Communicable Diseases

Hand, Foot, and Mouth Disease

Hand, foot, and mouth disease is a common viral illness that usually affects infants and children younger than 5 years old. However, it can affect children and adults. It will start with a fever, reduced appetite, sore throat, and a feeling of being unwell. Painful sores can develop in the mouth a few days after the fever starts. A skin rash on palms of the hands and soles of the feet may also develop. These can develop as red spots, and sometimes with blisters.


Influenza is a contagious respiratory illness caused by flu viruses that can result in hospitalization, even death. The best way to prevent the flu is getting vaccinated each year. You can get your flu shot at the Marietta/Belpre Health Department. Symptoms of the flu include a fever of over 100.4 F, aching muscles, chills and sweats, headache, sore throat, and nasal congestion.

Staph Infection

A staph infection is caused by bacteria commonly found on the skin or in the nose. It is a very common infection with more than 3 million US cases per year. It is treatable by a medical professional. It requires a medical diagnosis and it can spread easily. The infection is short-term, usually only lasting a few days to a couple weeks.


MRSA is a type of bacteria that is resistant to several antibiotics. MRSA most commonly causes skin infections. It some cases it can cause pneumonia which is a lung infection and it can also cause other infections. If MRSA is not treated it can become severe and cause sepsis, which is the body’s extreme response to an infection.

Strep Throat

In addition to a sore throat, symptoms can include pain when swallowing, a fever, red and swollen tonsils, tiny red spots on the roof of the mouth, or swollen lymph nodes in the front of the neck. Group A strep bacteria spread through contact with droplets from an infected person’s cough or sneeze. If you touch your mouth, nose, or eyes after touching something that has these droplets on it, you may become ill. People with strep throat should stay home from work, school, or daycare until they no longer have a fever and have taken antibiotics for at least 24 hours.

Lyme Disease

Lyme Disease is transmitted to humans through the bite of infected ticks typically with black legs. Typical symptoms include fever, headache, fatigue, and a characteristic skin rash. Infection can spread to joints, the heart, and the nervous system if you do not treat it. For more information, click on this link to the CDC page on Lyme Disease:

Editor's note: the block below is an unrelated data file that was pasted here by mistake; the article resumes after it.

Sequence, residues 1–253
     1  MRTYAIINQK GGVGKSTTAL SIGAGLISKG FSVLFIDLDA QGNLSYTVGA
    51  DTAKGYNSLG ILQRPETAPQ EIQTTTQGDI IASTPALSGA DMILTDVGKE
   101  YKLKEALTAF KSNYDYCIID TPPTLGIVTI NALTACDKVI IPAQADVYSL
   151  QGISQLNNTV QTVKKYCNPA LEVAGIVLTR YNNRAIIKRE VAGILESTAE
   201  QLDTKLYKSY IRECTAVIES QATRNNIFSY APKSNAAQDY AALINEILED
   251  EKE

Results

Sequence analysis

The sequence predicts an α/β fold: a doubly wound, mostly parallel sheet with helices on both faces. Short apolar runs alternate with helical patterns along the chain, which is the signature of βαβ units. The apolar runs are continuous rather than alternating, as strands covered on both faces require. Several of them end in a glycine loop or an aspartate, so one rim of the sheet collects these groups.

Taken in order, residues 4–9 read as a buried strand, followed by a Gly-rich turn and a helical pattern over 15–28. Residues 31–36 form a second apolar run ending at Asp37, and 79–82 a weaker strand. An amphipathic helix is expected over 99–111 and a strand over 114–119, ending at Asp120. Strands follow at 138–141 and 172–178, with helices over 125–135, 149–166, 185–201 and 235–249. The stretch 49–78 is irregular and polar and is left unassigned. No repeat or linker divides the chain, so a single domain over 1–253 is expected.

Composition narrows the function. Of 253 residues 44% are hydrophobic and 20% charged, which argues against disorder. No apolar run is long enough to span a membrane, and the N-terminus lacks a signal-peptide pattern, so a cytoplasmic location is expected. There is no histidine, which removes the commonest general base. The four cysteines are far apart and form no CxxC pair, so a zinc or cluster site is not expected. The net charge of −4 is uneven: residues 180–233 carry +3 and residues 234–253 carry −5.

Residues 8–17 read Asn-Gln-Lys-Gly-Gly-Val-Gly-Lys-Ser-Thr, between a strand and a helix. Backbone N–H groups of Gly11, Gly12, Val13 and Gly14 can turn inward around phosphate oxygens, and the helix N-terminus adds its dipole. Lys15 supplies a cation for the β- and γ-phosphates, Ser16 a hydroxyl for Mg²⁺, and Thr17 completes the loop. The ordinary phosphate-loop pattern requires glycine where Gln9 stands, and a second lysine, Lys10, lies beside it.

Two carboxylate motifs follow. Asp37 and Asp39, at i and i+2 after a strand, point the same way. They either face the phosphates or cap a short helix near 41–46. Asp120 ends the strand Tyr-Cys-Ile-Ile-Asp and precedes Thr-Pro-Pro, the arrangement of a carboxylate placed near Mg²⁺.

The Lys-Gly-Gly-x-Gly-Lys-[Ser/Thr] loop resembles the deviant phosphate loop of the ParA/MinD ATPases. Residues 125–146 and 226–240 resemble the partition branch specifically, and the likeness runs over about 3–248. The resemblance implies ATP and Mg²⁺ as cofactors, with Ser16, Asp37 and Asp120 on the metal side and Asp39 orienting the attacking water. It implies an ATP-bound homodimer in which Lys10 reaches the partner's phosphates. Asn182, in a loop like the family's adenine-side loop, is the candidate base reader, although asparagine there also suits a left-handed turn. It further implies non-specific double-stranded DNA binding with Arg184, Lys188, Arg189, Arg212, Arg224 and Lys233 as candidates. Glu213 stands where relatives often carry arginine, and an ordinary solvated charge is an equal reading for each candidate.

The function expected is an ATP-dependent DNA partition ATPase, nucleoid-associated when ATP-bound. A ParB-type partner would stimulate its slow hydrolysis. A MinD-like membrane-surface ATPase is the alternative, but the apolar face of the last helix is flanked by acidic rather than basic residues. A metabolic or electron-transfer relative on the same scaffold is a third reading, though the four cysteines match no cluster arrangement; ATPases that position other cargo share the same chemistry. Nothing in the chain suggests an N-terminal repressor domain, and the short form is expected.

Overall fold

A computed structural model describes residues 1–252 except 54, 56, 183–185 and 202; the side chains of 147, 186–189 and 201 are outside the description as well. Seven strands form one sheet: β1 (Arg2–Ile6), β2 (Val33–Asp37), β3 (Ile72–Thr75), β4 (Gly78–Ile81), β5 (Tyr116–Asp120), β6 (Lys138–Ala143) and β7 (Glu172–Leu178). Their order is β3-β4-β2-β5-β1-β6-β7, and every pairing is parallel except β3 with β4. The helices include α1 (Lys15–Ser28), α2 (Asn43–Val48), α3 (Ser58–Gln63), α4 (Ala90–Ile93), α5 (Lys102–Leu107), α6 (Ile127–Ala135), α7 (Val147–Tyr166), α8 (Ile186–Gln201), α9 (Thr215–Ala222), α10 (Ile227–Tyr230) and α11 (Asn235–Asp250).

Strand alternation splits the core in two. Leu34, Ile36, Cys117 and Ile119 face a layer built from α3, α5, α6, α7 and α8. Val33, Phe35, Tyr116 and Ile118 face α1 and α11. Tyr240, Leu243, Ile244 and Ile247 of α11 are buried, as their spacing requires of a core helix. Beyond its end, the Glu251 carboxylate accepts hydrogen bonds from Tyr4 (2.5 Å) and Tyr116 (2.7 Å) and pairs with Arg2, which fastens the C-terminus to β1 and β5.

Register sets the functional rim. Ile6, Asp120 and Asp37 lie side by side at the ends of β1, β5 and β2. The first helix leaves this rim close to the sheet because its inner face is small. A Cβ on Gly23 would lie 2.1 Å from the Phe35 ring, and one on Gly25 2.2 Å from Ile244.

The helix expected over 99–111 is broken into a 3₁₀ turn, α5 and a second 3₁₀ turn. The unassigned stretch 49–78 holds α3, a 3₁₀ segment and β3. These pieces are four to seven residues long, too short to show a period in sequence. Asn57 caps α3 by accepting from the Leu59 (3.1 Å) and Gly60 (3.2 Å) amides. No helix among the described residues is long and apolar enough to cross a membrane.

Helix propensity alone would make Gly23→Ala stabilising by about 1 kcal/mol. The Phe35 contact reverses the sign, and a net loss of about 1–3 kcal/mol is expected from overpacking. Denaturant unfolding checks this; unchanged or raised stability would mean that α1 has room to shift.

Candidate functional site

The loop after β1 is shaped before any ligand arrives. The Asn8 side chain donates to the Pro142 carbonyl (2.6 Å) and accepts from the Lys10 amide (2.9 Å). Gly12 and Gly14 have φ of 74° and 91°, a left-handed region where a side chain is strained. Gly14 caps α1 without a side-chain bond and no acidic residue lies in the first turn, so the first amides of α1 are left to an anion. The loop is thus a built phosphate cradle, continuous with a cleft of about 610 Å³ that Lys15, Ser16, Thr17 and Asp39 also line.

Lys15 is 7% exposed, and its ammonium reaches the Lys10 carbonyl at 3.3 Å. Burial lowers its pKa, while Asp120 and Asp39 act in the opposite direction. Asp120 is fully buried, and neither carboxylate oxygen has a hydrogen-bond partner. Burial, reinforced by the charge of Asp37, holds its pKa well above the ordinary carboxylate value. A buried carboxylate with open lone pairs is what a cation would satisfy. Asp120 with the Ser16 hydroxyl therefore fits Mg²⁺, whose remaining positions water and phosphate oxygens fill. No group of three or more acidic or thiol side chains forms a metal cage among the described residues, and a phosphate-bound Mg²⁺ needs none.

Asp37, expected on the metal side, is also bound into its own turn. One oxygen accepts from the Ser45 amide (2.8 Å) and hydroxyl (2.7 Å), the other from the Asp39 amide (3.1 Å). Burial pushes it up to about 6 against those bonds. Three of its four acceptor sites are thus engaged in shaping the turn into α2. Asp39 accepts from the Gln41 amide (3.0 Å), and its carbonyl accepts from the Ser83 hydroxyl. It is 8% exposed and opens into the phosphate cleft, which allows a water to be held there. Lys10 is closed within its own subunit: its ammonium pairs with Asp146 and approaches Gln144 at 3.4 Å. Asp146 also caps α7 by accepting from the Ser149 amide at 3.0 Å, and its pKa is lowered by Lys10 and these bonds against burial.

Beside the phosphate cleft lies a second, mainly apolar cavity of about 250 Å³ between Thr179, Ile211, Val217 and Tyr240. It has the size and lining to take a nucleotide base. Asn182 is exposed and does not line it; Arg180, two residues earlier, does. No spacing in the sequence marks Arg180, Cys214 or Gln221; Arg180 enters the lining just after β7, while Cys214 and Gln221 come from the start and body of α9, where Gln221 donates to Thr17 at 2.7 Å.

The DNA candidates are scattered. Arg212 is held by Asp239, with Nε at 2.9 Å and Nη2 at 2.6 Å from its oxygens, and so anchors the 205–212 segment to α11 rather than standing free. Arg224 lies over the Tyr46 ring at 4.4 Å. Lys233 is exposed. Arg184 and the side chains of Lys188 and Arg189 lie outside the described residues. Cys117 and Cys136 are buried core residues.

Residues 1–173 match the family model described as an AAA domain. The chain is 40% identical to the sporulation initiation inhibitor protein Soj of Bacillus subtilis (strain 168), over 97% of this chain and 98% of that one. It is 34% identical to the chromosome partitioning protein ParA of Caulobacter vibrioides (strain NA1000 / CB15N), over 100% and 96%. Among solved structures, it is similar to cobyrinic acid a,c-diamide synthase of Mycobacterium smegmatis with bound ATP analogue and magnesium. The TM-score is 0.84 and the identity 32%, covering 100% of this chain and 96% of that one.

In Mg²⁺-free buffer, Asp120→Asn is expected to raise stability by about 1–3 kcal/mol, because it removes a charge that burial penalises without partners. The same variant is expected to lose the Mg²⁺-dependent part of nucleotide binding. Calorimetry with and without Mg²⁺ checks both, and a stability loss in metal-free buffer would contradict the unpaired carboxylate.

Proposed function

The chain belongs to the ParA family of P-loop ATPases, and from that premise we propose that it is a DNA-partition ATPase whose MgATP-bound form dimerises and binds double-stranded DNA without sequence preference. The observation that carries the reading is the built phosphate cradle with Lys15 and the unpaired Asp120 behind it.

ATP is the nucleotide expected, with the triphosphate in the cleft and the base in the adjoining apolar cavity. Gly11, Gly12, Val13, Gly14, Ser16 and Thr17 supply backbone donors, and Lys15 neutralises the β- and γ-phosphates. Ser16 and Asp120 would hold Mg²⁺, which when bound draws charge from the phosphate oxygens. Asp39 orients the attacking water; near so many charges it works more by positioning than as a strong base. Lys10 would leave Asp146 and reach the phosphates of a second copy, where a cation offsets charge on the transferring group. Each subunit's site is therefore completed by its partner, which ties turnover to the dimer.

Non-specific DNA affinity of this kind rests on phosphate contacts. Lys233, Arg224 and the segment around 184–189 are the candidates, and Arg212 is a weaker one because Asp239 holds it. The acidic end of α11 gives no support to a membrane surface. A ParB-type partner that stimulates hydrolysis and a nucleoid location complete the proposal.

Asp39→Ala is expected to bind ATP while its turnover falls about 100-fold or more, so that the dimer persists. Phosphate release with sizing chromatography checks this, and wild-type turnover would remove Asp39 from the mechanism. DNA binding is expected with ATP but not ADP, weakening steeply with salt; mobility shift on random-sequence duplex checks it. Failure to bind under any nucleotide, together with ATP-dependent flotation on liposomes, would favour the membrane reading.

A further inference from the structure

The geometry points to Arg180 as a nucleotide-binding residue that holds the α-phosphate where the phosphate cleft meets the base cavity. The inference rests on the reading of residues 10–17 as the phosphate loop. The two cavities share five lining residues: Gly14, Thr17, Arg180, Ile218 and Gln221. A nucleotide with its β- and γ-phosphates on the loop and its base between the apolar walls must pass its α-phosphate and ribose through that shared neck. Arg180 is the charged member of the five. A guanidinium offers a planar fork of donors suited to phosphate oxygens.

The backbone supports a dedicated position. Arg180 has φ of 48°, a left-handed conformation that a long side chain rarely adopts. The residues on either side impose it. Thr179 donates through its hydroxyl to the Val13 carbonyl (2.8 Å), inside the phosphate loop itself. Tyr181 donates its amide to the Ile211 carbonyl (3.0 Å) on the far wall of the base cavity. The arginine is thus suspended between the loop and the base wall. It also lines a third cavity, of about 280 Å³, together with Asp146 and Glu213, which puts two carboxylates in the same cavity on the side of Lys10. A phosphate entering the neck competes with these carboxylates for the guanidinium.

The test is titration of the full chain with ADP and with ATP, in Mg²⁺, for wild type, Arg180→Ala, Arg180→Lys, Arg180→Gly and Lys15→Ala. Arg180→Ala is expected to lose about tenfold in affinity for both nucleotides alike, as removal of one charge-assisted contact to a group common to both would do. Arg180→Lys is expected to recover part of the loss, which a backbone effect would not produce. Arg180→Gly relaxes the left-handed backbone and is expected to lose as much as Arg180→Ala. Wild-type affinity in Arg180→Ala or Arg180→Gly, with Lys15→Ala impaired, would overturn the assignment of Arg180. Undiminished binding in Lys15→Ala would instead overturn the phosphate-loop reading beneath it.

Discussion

Hepatitis A

Hepatitis A is a vaccine-preventable liver disease. It can spread when a person ingests fecal matter. This can spread through contact, food, or drinks that are contaminated by the stool of the infected person. In Ohio the outbreak is being spread by person-to-person contact.

The symptoms involved with hepatitis A include: fatigue, low appetite, stomach pain, nausea, clay-colored stools, and jaundice. 

Lead Poisoning

The following are ways to reduce the risk of your child becoming lead poisoned.

Keep painted surfaces in good repair. Avoid peeling and/or chipping paint inside and outside. Containment of paint is the key.

Frequent hand washing. Since children may have lead dust on their hands, frequent hand washing can prevent high lead levels. Wash your child’s hands every time you give them something to eat or drink. This includes before meals, snacks, nap-time, bedtime, and after coming in from playing outside.

STI Prevention

We offer confidential HIV testing. Please remember your information will be kept private. You can make an appointment with our office by calling 740-373-0611 ext. 2309. 

For information about STI’s visit the following website:

Tobacco Use

Tobacco use is the leading cause of preventable disease, disability, and death in the United States.

–Centers for Disease Control and Prevention

How do I find support to quit?

CDC – Smoking & Tobacco Use
Ohio Department of Health Smoking Prevention & Cessation

Hepatitis C

Hepatitis C is a concern for our community. We offer Hep C testing at our Marietta location every first Wednesday of the month.

For more information about Hep C please visit these websites:

Ohio Department of Health: Viral Hepatitis

2020 Ohio Hepatitis C Surveillance Summary